To do this, try to write down everything you eat for a week, and in what quantities, and at the end, calculate whether you get enough vitamins from food (to calculate, use the vitamin content tables in foods – they can be easily found on the Internet).

2. Focus on how you feel.

Lethargy, constant drowsiness, difficulty concentrating, skin problems bad mood for a long period, frequent colds, muscle weakness – if there are no other objective reasons, then all this can be signs of hypovitaminosis.

If you have serious health problems, then you should not play Dr. House and self-medicate – better go to the doctor.

We select vitamins

So, you have decided that you are lacking in vitamins, but you cannot determine which ones. As already mentioned, each hypovitaminosis has its own manifestations. If possible, of course, it is advisable to consult a doctor and take tests that will show what exactly you are missing.

We will not go into the wilds and consider symptoms such as “violation of glutamine metabolism” and “corneal vascularization”, but we will take only those that you can observe in yourself (but in this case it is still advisable to check your guess with a doctor).


Outwardly, a lack of vitamins and minerals can manifest itself in a haggard, tired look, skin and hair problems:

one. Dry, irritated, flaky skin – A, C, E, vitamin B complex, I.
2. Dry and brittle hair – A, B7, Ca (calcium), D (for calcium absorption).
3. Hair loss – B2, B3, B6, B9, B12, A, E, D, C, Zn (zinc).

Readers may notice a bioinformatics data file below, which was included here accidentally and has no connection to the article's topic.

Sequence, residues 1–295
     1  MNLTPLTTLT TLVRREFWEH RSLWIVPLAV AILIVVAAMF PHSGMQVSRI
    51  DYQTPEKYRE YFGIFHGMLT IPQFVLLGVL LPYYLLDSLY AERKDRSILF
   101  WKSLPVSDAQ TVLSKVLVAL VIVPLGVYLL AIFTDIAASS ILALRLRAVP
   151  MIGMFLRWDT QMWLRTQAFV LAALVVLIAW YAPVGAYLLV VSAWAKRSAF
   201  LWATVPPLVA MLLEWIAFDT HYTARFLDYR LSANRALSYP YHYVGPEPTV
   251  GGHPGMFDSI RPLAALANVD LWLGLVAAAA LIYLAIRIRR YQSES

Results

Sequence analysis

4. Problematic skin – A, E, vitamin B complex, Zn, Mg (magnesium).
5. Brittle, exfoliating nails – A, E, B5, Ca (+ D)
6. Dental problems (enamel destruction, caries) – Ca, D3, C.
7. Dandruff – B6, B12, F, Se (selenium).


The deficiency of vitamins also affects the state of health very noticeably. For example, the following conditions may be associated with a lack of vitamins:

one. Frequent colds – A, C, K.
2.Weakness, fatigue – B1, B2, B5, B6, B7, B12, C, D3, E, I (iodine), Zn.
3. Memory impairment – B1, B4, B5, B6, C, F (Omega-3 and Omega-6), I, Zn.
4. Frequent headaches – B1, B12, C, D3, Mg, I.
5. Trouble concentrating – B6, C, F, I.
6. Depression, depressed mood – B6, B7, B12, C, F, I, Zn.
7. Increased irritability – B5, B6, B12, E, F, I, Zn.

Rules for taking vitamins

If you find yourself lacking one or more vitamins, do not rush to the pharmacy for popular vitamin complexes. The selection of the dosage and the correct combination of vitamins is also a whole science.

Unfortunately, many of the ready-made vitamin complexes contain vitamins and minerals that interfere with the absorption of each other: for example, calcium and zinc. Remember a simple rule: the more vitamins in one tablet, the less useful it is.

If you choose a vitamin complex, then make sure that the components in its composition at least do not interfere with each other, but rather contribute to the assimilation of each other. For example, the following combinations can be called ideal in terms of compatibility of components: A + E + C, as well as Ca + Mg + D3.

Also note that your individual daily dose may differ from the standard – it depends on lifestyle, working conditions and other factors. Below is a list of the most important vitamins and minerals that are most often found to be deficient in metropolitan areas.

You can print it out and already in the pharmacy with knowledge of the matter choose for yourself the best set of vitamins in accordance with your needs.

A (retinol), G (fat soluble)

Daily rate: – 900 mcg, maximum – 3000 mcg.
Sources: fish oil, liver, wild garlic, viburnum
The need increases with intense physical and mental stress, pregnancy, diseases of the gastrointestinal tract, infections, constant work at the computer
Peculiarities: it is desirable to use simultaneously with E, C and zinc

B1 (thiamine), B (water soluble)

Daily rate: 1.4-2.4 mg